Long before CC Sabathia became a marquee name in the major leagues, he had to find his way.
As a 20-year-old rookie with the Cleveland Indians in 2001, Sabathia was a highly touted prospect whom the Indians hoped could bolster their starting rotation.
The Indians’ front office felt it was a good bet to have a veteran player show the 6-foot-7 left-hander what it meant to be a major leaguer. That player turned out to be Dave Burba, a fellow pitcher who had 11 years under his belt and a good handle on the mental side of the game.
“They asked me to take him under my wing, and I was honored to do that,” said Burba, now in his second season as the Tri-City Dust Devils’ pitching coach. “It was a little bit of everything — how to prepare every day and do the things you need to do as a major league pitcher.”
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Now a six-time All-Star and former Cy Young Award winner at age 32, Sabathia wasn’t sure what to expect in his first season as a big leaguer, but he credits Burba for helping make things a lot smoother for him.
“I was scared to death. I was 20 years old in a clubhouse full of veterans, but he had my back the whole time,” Sabathia said while taking a break from his rehab schedule at Yankee Stadium in New York. “Off the field, whenever we got into a city, he’d call me and ask me to lunch or dinner. He’d ask me if I was getting things done, and we spent a lot of time talking about pitching.”
Sabathia, now in his fourth season with the Yankees, made the Indians’ starting rotation as a rookie and went 17-5 with a 4.39 ERA in 33 starts, more than enough to establish him as a mainstay.
Still, Burba kept a watchful eye on Sabathia throughout his first season, imparting advice and making sure the young star wasn’t losing his focus under the bright spotlight of the big-league stage.
After one particular start, Burba realized Sabathia was way ahead of the curve.
“He pitched one game and didn’t do very well, and I asked him what he thought about it. With the answer he gave me, he kind of taught me something,” Burba said. “He came out of the game, and I asked him what he thought about how he pitched. He told me, ‘I went out and tried my hardest, did everything I was supposed to do, and it just didn’t work out. I don’t have anything to be ashamed about. I did my best.’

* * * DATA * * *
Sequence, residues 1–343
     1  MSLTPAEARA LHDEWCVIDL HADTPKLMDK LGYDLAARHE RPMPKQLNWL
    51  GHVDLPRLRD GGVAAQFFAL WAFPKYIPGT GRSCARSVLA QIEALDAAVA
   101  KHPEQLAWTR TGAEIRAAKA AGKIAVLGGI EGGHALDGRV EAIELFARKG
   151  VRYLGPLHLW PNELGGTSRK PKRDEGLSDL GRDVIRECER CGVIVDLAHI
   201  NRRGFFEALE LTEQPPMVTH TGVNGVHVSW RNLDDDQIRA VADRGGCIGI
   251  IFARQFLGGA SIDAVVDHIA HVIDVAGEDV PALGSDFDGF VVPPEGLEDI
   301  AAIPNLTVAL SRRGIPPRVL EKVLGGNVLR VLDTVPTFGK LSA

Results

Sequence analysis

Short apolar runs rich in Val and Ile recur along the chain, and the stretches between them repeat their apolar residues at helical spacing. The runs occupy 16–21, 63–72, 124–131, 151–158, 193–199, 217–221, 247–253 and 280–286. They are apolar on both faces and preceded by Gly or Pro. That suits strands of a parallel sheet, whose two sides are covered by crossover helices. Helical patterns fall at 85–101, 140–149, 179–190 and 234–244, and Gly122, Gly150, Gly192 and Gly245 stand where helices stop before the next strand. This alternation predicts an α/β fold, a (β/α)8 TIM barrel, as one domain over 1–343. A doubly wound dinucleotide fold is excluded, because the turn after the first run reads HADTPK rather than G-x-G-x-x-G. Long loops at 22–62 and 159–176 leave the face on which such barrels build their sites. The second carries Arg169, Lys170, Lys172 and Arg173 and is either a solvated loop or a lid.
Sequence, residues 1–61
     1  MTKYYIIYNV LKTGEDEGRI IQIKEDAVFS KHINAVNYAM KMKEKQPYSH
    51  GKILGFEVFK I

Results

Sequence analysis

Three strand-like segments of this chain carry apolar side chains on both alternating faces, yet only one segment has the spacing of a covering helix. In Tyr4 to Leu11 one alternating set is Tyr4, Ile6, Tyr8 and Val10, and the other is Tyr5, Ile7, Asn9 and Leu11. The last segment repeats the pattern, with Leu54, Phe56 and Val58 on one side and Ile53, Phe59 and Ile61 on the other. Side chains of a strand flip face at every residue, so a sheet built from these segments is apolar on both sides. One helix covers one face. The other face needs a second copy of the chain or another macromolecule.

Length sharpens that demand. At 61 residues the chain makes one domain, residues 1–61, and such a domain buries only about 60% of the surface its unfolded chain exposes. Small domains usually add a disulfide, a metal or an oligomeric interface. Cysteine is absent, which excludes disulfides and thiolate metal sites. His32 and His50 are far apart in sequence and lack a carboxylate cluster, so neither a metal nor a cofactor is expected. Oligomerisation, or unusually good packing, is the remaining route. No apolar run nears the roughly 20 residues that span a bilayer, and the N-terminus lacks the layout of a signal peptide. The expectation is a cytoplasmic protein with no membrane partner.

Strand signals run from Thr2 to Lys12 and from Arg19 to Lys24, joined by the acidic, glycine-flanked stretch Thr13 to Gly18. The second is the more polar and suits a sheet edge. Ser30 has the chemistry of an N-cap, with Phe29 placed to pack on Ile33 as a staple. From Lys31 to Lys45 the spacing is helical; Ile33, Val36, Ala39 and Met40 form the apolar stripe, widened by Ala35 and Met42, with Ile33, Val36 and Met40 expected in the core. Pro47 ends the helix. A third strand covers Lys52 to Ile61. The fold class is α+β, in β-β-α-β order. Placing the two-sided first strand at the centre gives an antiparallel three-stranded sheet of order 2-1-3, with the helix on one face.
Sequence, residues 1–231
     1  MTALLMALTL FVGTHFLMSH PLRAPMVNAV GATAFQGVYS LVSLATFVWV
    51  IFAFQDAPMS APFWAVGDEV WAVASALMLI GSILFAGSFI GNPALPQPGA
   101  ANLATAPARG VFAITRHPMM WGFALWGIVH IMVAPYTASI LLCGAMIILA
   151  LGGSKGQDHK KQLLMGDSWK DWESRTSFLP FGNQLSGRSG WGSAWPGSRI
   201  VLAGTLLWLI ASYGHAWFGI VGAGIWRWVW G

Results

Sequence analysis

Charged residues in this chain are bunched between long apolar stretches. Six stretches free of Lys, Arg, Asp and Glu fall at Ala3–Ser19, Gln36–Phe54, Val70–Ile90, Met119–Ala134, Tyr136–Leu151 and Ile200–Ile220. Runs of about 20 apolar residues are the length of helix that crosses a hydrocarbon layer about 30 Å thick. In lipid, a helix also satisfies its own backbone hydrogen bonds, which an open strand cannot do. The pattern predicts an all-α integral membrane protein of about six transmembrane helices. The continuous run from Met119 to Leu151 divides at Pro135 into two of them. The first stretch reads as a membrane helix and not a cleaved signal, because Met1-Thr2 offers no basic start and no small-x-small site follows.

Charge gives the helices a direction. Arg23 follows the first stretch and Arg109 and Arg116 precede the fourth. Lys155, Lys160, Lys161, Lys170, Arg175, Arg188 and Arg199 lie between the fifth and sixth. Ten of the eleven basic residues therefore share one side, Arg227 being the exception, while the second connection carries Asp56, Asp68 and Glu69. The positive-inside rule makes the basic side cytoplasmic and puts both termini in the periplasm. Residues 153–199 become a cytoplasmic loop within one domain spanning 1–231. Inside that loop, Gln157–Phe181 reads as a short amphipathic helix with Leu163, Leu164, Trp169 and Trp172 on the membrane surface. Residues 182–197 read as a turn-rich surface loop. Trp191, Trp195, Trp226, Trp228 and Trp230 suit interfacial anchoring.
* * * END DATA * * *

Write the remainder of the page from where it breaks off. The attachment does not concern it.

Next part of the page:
“Most kids would be upset, saying, ‘I don’t believe how bad I pitched,’ but he brushed it off and said, ‘I’ll get them in my next start.’“I thought, ‘Well, I’ve got nothing else to teach you.’ ”
Sabathia won’t ever forget the example that Burba set for him and, to this day, the Yankees’ ace clings to many of the lessons that the 15-year veteran taught him.
“He always told me to bend and not break. If you give up a couple of runs, don’t panic. You can still minimize the damage,” he said. “Another thing he taught me was to break the game up into sections. You might give up some runs in the first three innings, but you can start over in the fourth.”
Burba, who last season guided the Dust Devils’ pitching staff to the lowest team ERA (3.03) in Colorado Rockies’ short-season history, still enjoys watching his former teammate mow down American League hitters with surprising regularity. For the last five seasons, Sabathia has been among the top four vote getters for the AL Cy Young Award — except in 2008, when he finished fifth in the National League voting as a Milwaukee Brewer. He won it with Cleveland in 2007 with a 19-7 record and a 3.21 ERA in 241 innings.
Sabathia is known by his major league peers as a “grinder”, a high-endurance pitcher who will eat up a lot of innings and keep bullpen arms fresh. Every season since 2007, the Vallejo, Calif., native has started at least 33 games and pitched no fewer than 230 innings.
That, too, according to Burba, is a result of Sabathia’s impressive mental mindset.
“That’s a conversation we did have. He asked me one day, ‘Burbs, what if I don’t have my best stuff. What do I do?’ ” Burba said. “I told him, ‘Act like it. They don’t know the difference. They can’t tell if you have your best stuff or not. But if you show your emotions, they’ll be able to pick up on that.’ ”
Asked if he was surprised that Burba was a pitching coach, Sabathia didn’t hesitate.
“I always knew he would be doing that. He loves the game, and he loved to play,” Sabathia said. “I think it would have been a lot tougher for me without his help. I owe him a lot.”